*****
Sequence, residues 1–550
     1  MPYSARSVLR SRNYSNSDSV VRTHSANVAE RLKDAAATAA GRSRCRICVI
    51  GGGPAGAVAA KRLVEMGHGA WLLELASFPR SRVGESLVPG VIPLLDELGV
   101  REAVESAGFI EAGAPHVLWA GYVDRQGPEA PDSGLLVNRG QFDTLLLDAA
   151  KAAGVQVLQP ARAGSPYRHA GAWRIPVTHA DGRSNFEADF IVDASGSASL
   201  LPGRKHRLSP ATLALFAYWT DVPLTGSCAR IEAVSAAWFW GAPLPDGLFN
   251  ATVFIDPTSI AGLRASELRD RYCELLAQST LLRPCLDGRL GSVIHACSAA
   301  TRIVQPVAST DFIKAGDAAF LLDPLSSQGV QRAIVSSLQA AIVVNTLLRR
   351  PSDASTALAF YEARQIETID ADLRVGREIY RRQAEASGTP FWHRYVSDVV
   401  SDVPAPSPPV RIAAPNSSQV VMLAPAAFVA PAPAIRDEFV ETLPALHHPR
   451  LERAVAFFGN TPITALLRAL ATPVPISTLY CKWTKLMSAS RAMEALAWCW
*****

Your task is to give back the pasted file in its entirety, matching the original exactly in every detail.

Sequence, residues 1–550
     1  MPYSARSVLR SRNYSNSDSV VRTHSANVAE RLKDAAATAA GRSRCRICVI
    51  GGGPAGAVAA KRLVEMGHGA WLLELASFPR SRVGESLVPG VIPLLDELGV
   101  REAVESAGFI EAGAPHVLWA GYVDRQGPEA PDSGLLVNRG QFDTLLLDAA
   151  KAAGVQVLQP ARAGSPYRHA GAWRIPVTHA DGRSNFEADF IVDASGSASL
   201  LPGRKHRLSP ATLALFAYWT DVPLTGSCAR IEAVSAAWFW GAPLPDGLFN
   251  ATVFIDPTSI AGLRASELRD RYCELLAQST LLRPCLDGRL GSVIHACSAA
   301  TRIVQPVAST DFIKAGDAAF LLDPLSSQGV QRAIVSSLQA AIVVNTLLRR
   351  PSDASTALAF YEARQIETID ADLRVGREIY RRQAEASGTP FWHRYVSDVV
   401  SDVPAPSPPV RIAAPNSSQV VMLAPAAFVA PAPAIRDEFV ETLPALHHPR
   451  LERAVAFFGN TPITALLRAL ATPVPISTLY CKWTKLMSAS RAMEALAWCW